All eyes in the literary world are on the 28th of September because Nobel Laureate Wole Soyinka’s new novel will be launched on the day.
It is not altogether unusual for readers to be filled with anticipation when a new title by a celebrated writer is about to be released. But why this extra fanfare around Soyinka’s book?
Nobel Laureates launch their new books every now and then and when they do, one can positively say such books garner much attention. But definitely not as much as Soyinka’s new novel. The only writer with whom Soyinka’s case can be compared is Gabriel Garcia Marquez whose international releases would have created a similar situation globally. But the reason Marquez was so loved by readers lay not in his having won the Nobel but in his unique storytelling.
Soyinka is a versatile literary genius who has written many plays, poetry collections and memoirs since the 1950s. His debut novel, The Interpreters, was published in 1965 to great critical acclaim. His second novel, Season of Anomy, which was also his most recent novel, came out in 1973. He was the first African writer to win the Nobel Prize for literature in 1986. In its announcement, the Nobel Committee called him “one of the finest poetical playwrights that have written in English.”
So Soyinka’s new novel, Chronicles of the Happiest People on Earth, will be his first novel to be published in 48 years. This piece of information is precisely what explains why the launch of this book is being regarded as one of the biggest literary events of the year.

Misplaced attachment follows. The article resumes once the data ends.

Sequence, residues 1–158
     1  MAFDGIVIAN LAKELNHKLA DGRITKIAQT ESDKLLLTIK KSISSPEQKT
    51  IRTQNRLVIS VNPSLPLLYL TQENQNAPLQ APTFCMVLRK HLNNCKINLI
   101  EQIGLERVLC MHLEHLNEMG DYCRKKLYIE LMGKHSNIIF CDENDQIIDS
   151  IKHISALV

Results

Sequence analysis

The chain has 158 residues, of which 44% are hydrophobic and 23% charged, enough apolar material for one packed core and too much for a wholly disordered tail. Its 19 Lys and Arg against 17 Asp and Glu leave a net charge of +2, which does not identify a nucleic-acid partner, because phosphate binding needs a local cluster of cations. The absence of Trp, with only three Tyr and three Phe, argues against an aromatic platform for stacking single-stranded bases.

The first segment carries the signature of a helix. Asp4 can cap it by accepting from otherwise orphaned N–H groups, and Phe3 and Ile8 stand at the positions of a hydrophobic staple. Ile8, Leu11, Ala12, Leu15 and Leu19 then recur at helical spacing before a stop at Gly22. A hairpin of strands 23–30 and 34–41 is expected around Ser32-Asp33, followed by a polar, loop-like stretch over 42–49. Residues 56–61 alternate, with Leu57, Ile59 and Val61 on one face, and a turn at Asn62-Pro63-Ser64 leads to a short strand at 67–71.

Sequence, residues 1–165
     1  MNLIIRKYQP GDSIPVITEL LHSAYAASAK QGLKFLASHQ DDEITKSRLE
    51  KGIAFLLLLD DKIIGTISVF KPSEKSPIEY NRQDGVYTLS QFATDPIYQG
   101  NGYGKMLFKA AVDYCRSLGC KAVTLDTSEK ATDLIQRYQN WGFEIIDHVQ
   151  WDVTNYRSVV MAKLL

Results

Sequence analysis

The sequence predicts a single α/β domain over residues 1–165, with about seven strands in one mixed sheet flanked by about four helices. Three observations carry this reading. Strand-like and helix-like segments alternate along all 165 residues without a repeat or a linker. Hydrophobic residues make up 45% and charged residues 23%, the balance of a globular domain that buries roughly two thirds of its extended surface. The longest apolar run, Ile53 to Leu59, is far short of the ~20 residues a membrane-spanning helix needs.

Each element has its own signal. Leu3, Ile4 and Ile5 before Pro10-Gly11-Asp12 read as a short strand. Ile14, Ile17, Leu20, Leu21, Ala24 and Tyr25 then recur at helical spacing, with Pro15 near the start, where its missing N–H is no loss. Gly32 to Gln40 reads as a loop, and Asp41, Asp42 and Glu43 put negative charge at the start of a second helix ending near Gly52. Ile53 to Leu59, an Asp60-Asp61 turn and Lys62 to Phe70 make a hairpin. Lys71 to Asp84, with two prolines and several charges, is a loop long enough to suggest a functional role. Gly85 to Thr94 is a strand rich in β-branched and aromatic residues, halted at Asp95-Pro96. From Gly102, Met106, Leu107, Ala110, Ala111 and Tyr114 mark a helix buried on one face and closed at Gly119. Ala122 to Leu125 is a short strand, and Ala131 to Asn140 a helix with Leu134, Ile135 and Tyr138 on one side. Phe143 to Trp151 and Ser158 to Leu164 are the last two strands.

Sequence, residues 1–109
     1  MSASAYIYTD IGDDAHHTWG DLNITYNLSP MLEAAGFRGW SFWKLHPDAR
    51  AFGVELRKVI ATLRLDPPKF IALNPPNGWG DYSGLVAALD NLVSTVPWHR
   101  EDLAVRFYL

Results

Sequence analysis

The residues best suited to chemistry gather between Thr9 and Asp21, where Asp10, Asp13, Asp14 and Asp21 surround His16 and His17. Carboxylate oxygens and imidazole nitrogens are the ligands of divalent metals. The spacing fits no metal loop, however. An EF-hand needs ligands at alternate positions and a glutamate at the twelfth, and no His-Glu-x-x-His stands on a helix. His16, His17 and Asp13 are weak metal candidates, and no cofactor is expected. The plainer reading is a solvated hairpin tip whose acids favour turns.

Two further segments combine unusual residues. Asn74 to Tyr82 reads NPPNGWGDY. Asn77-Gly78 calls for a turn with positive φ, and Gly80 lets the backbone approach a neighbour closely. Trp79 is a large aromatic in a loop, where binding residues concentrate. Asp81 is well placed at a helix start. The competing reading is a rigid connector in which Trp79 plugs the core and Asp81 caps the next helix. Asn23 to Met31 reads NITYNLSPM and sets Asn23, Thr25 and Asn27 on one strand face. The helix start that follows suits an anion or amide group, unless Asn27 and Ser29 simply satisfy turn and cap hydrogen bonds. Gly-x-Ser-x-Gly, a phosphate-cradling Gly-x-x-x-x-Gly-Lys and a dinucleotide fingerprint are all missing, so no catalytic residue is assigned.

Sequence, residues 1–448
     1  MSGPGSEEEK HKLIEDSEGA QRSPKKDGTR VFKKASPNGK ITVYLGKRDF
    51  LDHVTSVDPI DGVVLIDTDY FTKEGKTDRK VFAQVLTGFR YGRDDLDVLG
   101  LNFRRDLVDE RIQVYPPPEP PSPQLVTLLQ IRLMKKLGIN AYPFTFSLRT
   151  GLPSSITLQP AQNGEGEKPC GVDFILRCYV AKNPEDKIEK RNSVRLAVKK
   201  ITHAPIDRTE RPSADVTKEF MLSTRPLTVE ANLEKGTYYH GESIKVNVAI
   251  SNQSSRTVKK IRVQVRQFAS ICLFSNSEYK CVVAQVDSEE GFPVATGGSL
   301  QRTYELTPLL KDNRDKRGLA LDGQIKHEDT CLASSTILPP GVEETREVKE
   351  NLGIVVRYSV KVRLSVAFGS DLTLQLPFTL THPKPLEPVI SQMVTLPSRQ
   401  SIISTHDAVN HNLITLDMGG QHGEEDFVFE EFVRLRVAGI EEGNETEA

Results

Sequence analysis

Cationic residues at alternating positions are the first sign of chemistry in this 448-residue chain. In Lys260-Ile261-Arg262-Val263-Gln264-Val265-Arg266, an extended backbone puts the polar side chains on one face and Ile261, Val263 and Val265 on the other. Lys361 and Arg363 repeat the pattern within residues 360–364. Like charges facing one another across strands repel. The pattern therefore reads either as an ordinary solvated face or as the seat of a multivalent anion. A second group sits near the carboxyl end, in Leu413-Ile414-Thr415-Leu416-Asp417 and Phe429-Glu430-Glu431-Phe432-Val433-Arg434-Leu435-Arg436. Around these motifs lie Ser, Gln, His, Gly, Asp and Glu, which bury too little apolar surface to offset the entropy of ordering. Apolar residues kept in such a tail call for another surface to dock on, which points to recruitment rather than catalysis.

Published in the US by Pantheon Books, an imprint of Knopf, the book is set in an imaginary Nigeria. It will be simultaneously published in the UK by Bloomsbury. As an eBook and also on audio form, it will be published by Penguin Random House.
Terming the book a “tour de force”, Knopf Executive Editor Erroll McDonald said:
“They are for me a visionary company, avatars of excellence, the only Black writers to have been consecrated by the Nobel Foundation with its prize in literature—and within a dizzying seven years: first was Wole Soyinka of Nigeria in 1986, then Derek Walcott of the Caribbean island Saint Lucia in 1992, and Toni Morrison of the United States only one year later. No other Black writer in the diaspora has won the prize in nearly three decades. Of the three Black Nobel laureates only Soyinka, age 86, is alive, and he is writing at the peak of his powers.
“Nearly forty years ago, as a novice editor at Random House, I had the honor of publishing Soyinka’s classic memoir, Ake: The Years of Childhood, still in print in Vintage and arguably the book for which he is best known in America. Today I find myself blessed again—on the cusp of publishing, in Pantheon Books, his first novel in nearly fifty years, Chronicles from the Land of the Happiest People on Earth. Informed at once by Soyinka’s cultural rootedness and his wide-ranging cosmopolitanism, it is a wicked, gleefully irreverent, and rollicking satire on how power and greed can corrupt the soul of a nation. Soyinka has given us a brilliant and necessary book for our times.”